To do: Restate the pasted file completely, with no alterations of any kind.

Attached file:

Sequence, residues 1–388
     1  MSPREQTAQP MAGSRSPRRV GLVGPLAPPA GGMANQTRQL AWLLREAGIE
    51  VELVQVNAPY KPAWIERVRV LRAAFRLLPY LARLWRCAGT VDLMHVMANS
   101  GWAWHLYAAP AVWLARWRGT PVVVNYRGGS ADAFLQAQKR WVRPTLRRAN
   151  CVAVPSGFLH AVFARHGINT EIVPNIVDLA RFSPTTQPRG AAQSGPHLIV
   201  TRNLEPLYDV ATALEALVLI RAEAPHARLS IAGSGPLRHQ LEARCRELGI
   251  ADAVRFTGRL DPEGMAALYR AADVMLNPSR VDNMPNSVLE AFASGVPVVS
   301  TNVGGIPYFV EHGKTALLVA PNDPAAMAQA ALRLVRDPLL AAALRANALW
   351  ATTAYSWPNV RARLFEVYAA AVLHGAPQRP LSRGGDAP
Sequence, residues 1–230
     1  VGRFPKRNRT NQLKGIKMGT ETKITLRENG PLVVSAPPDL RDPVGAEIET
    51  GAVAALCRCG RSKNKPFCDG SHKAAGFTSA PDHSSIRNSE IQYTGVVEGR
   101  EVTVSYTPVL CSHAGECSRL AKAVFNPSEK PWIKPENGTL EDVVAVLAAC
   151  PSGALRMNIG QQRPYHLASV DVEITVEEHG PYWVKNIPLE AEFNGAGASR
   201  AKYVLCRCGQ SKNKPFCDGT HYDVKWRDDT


Sequence, residues 1–388
     1  MSPREQTAQP MAGSRSPRRV GLVGPLAPPA GGMANQTRQL AWLLREAGIE
    51  VELVQVNAPY KPAWIERVRV LRAAFRLLPY LARLWRCAGT VDLMHVMANS
   101  GWAWHLYAAP AVWLARWRGT PVVVNYRGGS ADAFLQAQKR WVRPTLRRAN
   151  CVAVPSGFLH AVFARHGINT EIVPNIVDLA RFSPTTQPRG AAQSGPHLIV
   201  TRNLEPLYDV ATALEALVLI RAEAPHARLS IAGSGPLRHQ LEARCRELGI
   251  ADAVRFTGRL DPEGMAALYR AADVMLNPSR VDNMPNSVLE AFASGVPVVS
   301  TNVGGIPYFV EHGKTALLVA PNDPAAMAQA ALRLVRDPLL AAALRANALW
   351  ATTAYSWPNV RARLFEVYAA AVLHGAPQRP LSRGGDAP
Sequence, residues 1–230
     1  VGRFPKRNRT NQLKGIKMGT ETKITLRENG PLVVSAPPDL RDPVGAEIET
    51  GAVAALCRCG RSKNKPFCDG SHKAAGFTSA PDHSSIRNSE IQYTGVVEGR
   101  EVTVSYTPVL CSHAGECSRL AKAVFNPSEK PWIKPENGTL EDVVAVLAAC
   151  PSGALRMNIG QQRPYHLASV DVEITVEEHG PYWVKNIPLE AEFNGAGASR
   201  AKYVLCRCGQ SKNKPFCDGT HYDVKWRDDT